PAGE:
Cottage Grove's top trees have stories to tell

  • Article by: JIM ANDERSON , Star Tribune
  • Updated: July 6, 2013 - 5:36 PM

Mighty bur oak has survived through two centuries of storms.

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The Fredricksons with the 200-year-old tree in their back yard.

Photo: Jim Anderson • jim.anderson@startribune.com,

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When the tree first sprouted from an acorn, war was raging between the United States and Great Britain, Napoleon was retreating from Russia and the land on which it grew to a sapling still belonged to the Ojibwe.

By the time Mark Twain was piloting riverboats on the nearby Mississippi River in 1857, more than 40 years later, it stood tall and mature on what had become the Minnesota Territory, and it was part of the lush forested Washington County shoreline he would scan from the pilothouse.

The mighty bur oak standing along Diane and Ted Fredrickson’s driveway in the River Acres neighborhood on the south edge of Cottage Grove, tall as a six-story building and with a trunk about 13 feet around supporting a majestic canopy shading much of their yard, has been witness to an estimated 200 years of history — two centuries of ever-cycling seasons, of floods, droughts, blizzards and windstorms.

“I just wish it could talk,” Diane Fredrickson said.

This turbulent summer so far has brought heavy rains and devastating winds that have taken a sobering toll on trees across the Twin Cities, and cities in Washington County have not been spared. Their losses serve as a reminder that the value of trees, both to homeowners and cities at large, go beyond the aesthetic.

“I think trees kind of define a community, in some aspects,” said Steve Bowe, Cottage Grove’s city forester. “The way we preserve them, the way we take care of them: I look at them not only as a value to the city, but to the taxpayers. I look at them as a value to everybody.”

To highlight what value they bring to a community named, after all, for a wooded area, Cottage Grove last year initiated a “Champion Tree” registry last year.

The Fredricksons’ bur oak is believed to be the oldest tree in the city, and they treasure it.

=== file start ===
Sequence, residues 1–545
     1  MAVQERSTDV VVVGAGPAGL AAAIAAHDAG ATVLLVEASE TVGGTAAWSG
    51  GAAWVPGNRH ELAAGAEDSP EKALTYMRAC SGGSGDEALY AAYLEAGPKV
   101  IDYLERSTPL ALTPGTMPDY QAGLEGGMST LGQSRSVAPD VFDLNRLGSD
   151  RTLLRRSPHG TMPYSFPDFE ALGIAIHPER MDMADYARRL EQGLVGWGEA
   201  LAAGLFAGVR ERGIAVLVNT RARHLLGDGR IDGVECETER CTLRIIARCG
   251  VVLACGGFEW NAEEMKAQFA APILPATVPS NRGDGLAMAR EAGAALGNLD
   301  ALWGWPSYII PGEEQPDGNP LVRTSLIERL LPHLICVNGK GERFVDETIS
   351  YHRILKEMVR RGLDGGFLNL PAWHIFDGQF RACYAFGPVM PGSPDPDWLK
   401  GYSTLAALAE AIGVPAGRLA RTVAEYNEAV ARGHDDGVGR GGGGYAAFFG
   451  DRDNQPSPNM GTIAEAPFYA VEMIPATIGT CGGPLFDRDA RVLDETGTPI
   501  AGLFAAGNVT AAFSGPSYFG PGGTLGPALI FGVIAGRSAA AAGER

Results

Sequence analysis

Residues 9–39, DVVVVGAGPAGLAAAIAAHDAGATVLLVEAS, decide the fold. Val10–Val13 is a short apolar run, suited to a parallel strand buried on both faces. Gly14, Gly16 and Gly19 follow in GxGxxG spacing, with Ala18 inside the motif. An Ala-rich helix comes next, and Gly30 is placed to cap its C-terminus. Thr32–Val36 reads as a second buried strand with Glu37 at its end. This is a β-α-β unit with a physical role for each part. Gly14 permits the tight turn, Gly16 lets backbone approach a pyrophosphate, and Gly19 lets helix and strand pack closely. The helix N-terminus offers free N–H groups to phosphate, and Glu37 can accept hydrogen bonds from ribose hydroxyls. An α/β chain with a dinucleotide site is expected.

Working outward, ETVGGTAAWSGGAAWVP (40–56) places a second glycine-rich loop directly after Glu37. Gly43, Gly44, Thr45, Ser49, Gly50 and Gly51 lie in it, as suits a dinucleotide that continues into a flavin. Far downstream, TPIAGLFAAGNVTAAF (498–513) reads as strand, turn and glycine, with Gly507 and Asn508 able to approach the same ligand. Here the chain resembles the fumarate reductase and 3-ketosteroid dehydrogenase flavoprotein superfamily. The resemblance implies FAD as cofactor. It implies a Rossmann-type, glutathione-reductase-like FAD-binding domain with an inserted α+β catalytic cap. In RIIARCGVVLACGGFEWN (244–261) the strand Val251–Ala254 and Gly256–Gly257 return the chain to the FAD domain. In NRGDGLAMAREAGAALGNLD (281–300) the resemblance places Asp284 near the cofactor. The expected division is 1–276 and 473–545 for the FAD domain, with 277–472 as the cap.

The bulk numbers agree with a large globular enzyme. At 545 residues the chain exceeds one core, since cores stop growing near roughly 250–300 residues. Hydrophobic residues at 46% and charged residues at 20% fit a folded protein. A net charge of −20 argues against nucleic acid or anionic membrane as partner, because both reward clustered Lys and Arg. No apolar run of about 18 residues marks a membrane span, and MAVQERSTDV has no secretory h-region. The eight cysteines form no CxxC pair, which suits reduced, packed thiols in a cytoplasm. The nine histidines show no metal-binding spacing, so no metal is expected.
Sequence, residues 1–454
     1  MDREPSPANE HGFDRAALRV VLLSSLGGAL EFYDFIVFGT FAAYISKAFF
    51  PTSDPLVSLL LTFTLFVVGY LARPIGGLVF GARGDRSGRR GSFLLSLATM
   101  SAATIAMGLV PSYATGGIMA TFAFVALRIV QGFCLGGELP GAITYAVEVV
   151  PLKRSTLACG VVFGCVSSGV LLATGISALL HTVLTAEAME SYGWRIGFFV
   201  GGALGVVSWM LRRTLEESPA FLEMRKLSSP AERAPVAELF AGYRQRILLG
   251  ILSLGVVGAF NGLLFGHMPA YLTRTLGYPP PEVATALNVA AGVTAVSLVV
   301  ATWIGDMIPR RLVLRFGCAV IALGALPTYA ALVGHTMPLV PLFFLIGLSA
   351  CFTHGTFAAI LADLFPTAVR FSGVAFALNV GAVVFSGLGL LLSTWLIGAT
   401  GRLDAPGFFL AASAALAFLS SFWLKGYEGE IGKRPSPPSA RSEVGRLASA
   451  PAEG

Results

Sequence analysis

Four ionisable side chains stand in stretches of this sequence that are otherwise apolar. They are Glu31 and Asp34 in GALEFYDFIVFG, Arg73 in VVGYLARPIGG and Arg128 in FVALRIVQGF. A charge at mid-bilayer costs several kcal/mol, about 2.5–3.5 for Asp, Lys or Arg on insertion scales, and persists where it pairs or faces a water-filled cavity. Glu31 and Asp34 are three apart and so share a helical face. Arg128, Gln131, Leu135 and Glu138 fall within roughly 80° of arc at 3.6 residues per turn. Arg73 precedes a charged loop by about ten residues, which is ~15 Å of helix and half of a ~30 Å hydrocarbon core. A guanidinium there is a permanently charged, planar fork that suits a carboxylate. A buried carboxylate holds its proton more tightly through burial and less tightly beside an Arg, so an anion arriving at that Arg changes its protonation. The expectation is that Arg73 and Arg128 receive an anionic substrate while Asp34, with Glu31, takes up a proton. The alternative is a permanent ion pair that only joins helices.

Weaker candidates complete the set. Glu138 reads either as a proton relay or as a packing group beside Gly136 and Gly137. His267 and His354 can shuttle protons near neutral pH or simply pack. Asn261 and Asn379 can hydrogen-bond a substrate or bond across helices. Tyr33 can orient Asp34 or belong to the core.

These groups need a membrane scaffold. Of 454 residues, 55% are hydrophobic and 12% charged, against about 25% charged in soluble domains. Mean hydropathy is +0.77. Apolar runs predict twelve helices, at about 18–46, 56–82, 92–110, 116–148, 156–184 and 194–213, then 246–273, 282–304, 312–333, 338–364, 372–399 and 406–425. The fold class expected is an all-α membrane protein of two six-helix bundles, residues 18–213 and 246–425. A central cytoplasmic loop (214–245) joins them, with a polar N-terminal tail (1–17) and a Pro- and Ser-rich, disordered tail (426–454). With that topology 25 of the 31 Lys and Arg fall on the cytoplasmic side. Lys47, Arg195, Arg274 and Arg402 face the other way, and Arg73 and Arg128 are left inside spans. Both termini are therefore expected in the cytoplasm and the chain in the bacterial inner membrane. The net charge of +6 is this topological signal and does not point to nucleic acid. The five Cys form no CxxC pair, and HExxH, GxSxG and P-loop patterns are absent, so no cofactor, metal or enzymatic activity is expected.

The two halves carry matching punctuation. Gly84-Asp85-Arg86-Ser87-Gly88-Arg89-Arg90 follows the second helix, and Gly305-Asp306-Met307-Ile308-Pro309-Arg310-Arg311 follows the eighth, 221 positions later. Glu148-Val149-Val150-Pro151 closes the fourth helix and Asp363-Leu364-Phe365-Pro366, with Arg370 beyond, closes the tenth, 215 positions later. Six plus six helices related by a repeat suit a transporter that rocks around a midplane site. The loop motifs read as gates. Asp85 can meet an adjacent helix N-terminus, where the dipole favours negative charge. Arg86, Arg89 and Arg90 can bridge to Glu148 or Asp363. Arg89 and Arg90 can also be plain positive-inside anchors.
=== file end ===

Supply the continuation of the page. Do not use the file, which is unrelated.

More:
“It’s just a beautiful, stable, living thing that we get to live around,” said Diane Fredrickson, who also is a master gardener. The couple has lived on the property for 33 years, and the big old oak is like part of the family.

“We have hundreds of pictures of people trying to reach around it,” said Ted Frederickson, adding it’s faced its share of fender-benders. “It’s been nicked a few times, but it’s a survivor.”

The land on which their home sits is believed to be part of an oak savanna — a lightly forested grassland dominated by the oaks — that made up the landscape around Cottage Grove, which was developed into farmland by the first European settlers in the area. At one time, the River Acres area was a farm, including their property.

Along with the oldest tree, Bowe selected trees with other outstanding characteristics as well. The program might be expanded and updated in time, but for now, here are the city’s top trees:

Tallest: At 86 feet, a cottonwood tree near All Smiles Dentistry at 7501 80th St. is believed to be the city’s tallest. Trees endure all kinds of adversity to reach their maximum height, Bowe noted. During its approximate 50-year life, the tree has withstood storms, commercial and housing construction, and utility line work.

Girth: Some trees grow tall, some trees grow wide, and some do both. The champion in the girth category belongs to another cottonwood located at 7548 Irvine Av. and overhangs Pine Tree Valley Park. This tree measures 12 feet, 10 inches in girth, making it a champion tree that is hard to hug.

Historical significance: A fairly simple white pine at 8203 Innsdale Av. has deep roots in Minnesota history. The tree arrived in Cottage Grove as a 1-inch seedling from the offspring of white pines that survived the 1918 Cloquet Fire, which was the worst natural disaster in state history in terms of the number of the lives lost in a single day. The fire, caused by sparks on the local railroads and dry conditions, killed 453 people, and injured or displaced more than 50,000 in the region south of Duluth.

Jim Anderson • 651-925-5039 Twitter: @StribJAnderson

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